Pursuing a mirage 0

Afghanistan has never been a nation-state as the West understands such a thing.

This report shows plainly enough that any plan to meld the Afghan tribes into one democratically governed nation is doomed to failure; but it also shows how hard it is for those who imagined it could succeed to see its naivity.

Even an Afghan member of the so-called parliament, trying to fit into the Western illusion, speaks of Afghanistan being “split” as if it were a nation that might be divided into two sides, whereas in fact the region is inhabited by a plurality of feuding fiefdoms, and “splintered” would be a better word to describe the humanscape (to coin a term). An even better word might be “crazed”, in the sense of a network of cracks.

It describes how President Karzai’s attempt to bring the Taliban into a central government is the very thing that will shatter such West-compliant unity as has been tentatively achieved. And it calls this a “paradox” rather than what it is – the proof of the impossibility of a hopeless, foolish, Western fantasy, the pursuit of a mirage.

The Joint Chiefs of Staff, it tells us, still think they can prevent Afghanistan being “torn apart” – as if it had even been whole, or as if they really can make their fantasy come true.

The drive by President Hamid Karzai to strike a deal with Taliban leaders and their Pakistani backers is causing deep unease in Afghanistan’s minority communities, who fought the Taliban the longest and suffered the most during their rule.

The leaders of the country’s Tajik, Uzbek and Hazara communities, which make up close to half of Afghanistan’s population, are vowing to resist — and if necessary, fight — any deal that involves bringing members of the Taliban insurgency into a power-sharing arrangement with the government.

Alienated by discussions between President Karzai and the Pakistani military and intelligence officials, minority leaders are taking their first steps toward organizing against what they fear is Mr. Karzai’s long-held desire to restore the dominance of ethnic Pashtuns, who ruled the country for generations. …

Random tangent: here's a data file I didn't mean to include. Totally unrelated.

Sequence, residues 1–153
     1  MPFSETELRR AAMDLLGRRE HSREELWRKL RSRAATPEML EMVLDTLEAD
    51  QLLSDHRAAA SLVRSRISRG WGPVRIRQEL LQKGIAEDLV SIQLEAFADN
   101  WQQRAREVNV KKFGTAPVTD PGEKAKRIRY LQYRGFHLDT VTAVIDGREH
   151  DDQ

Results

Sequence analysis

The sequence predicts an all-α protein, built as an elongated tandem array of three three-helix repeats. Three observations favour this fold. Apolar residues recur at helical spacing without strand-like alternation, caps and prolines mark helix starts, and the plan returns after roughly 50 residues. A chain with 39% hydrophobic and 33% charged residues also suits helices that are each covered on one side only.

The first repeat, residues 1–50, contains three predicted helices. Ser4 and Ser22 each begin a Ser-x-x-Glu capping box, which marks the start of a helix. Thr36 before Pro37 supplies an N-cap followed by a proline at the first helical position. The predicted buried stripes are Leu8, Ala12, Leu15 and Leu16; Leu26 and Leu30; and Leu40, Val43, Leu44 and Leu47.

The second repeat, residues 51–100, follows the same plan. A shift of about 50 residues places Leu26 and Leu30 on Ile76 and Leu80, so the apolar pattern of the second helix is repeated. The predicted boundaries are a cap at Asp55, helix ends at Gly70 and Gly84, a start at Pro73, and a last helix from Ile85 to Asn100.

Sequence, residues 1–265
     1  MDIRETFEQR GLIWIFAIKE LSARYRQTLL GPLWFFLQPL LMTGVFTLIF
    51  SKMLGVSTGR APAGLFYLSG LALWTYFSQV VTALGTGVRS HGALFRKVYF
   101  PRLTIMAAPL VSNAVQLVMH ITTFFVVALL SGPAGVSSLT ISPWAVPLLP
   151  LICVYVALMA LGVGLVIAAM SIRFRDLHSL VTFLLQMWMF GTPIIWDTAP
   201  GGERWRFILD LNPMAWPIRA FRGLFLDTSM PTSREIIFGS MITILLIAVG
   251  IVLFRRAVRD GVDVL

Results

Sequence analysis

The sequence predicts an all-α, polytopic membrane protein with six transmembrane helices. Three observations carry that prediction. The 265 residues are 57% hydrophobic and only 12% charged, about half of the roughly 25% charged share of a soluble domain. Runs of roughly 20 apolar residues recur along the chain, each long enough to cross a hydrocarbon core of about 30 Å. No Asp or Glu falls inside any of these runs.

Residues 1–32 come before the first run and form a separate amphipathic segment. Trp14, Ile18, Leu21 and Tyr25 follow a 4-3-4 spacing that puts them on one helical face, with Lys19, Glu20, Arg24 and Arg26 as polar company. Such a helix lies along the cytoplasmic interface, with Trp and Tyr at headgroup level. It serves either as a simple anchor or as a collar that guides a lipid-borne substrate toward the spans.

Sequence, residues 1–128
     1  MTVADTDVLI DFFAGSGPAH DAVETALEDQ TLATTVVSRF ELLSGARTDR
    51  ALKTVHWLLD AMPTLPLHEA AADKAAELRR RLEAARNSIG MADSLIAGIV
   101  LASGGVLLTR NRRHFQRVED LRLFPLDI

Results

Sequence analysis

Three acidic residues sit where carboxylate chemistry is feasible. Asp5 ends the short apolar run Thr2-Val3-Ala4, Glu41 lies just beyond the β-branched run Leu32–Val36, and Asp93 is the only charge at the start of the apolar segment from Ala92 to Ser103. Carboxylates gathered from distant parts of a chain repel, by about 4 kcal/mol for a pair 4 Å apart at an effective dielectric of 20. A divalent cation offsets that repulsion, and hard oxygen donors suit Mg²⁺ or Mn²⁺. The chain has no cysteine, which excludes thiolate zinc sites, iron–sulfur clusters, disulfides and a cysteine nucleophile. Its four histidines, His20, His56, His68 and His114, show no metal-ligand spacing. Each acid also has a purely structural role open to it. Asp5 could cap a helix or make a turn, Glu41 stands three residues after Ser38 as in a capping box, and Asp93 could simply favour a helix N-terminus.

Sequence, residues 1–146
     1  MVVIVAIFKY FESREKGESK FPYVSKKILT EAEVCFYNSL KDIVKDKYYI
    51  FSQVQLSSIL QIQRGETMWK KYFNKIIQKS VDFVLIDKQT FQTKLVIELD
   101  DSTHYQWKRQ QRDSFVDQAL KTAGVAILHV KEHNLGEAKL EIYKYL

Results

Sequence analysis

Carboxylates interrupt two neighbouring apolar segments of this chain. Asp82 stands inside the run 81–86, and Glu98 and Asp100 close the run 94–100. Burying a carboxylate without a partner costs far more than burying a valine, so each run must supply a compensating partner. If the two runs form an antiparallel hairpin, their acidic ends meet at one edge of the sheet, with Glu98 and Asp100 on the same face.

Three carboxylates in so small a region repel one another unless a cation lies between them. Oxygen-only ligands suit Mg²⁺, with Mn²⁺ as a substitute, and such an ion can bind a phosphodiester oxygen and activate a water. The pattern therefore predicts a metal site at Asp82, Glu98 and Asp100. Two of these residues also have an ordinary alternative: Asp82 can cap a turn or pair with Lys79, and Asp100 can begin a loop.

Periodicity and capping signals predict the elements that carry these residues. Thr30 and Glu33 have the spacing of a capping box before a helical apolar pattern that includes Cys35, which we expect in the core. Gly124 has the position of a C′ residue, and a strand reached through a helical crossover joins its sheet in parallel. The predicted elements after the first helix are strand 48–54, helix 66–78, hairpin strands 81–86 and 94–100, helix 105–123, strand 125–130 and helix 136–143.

“Karzai is giving Afghanistan back to the Taliban, and he is opening up the old schisms,” said Rehman Oghly, an Uzbek member of Parliament and once a member of an anti-Taliban militia. “If he wants to bring in the Taliban, and they begin to use force, then we will go back to civil war and Afghanistan will be split.”

The deepening estrangement of Afghanistan’s non-Pashtun communities presents a paradox for the Americans and their NATO partners. American commanders have concluded that only a political settlement can end the war. But in helping Mr. Karzai to make a deal, they risk reigniting Afghanistan’s ethnic strife.

Talks between Mr. Karzai and the Pakistani leaders have been unfolding here and in Islamabad for several weeks, with some discussions involving bestowing legitimacy on Taliban insurgents.

The leaders of these minority communities say that President Karzai appears determined to hand Taliban leaders a share of power — and Pakistan a large degree of influence inside the country. The Americans, desperate to end their involvement here, are helping Mr. Karzai along and shunning the Afghan opposition, they say. …

Adm. Mike Mullen, chairman of the Joint Chiefs of Staff, said he was worried about “the Tajik-Pashtun divide that has been so strong.” American and NATO leaders, he said, are trying to stifle any return to ethnic violence.

“It has the potential to really tear this country apart,” Admiral Mullen said in an interview. “That’s not what we are going to permit.” …

There are growing indications of ethnic fissures inside the army. …

Prominent Afghans have begun to organize along mostly ethnic lines. ….

Recently [President Karzai] he has told senior Afghan officials that he no longer believes that the Americans and NATO can prevail in Afghanistan and that they will probably leave soon. That fact may make Mr. Karzai more inclined to make a deal with both Pakistan and the Taliban.

As for the Pakistanis, their motives are even more opaque. For years, Pakistani leaders have denied supporting the Taliban, but evidence suggests that they continue to do so. In recent talks, the Pakistanis have offered Mr. Karzai a sort of strategic partnership — and one that involves giving at least one [of the] the most brutal Taliban groups, the Haqqani network, a measure of legitimacy in Afghanistan.

“Karzai has begun the ethnic war,” said Mohammed Mohaqeq, a Hazara leader and a former ally of the president. “The future is very dark.”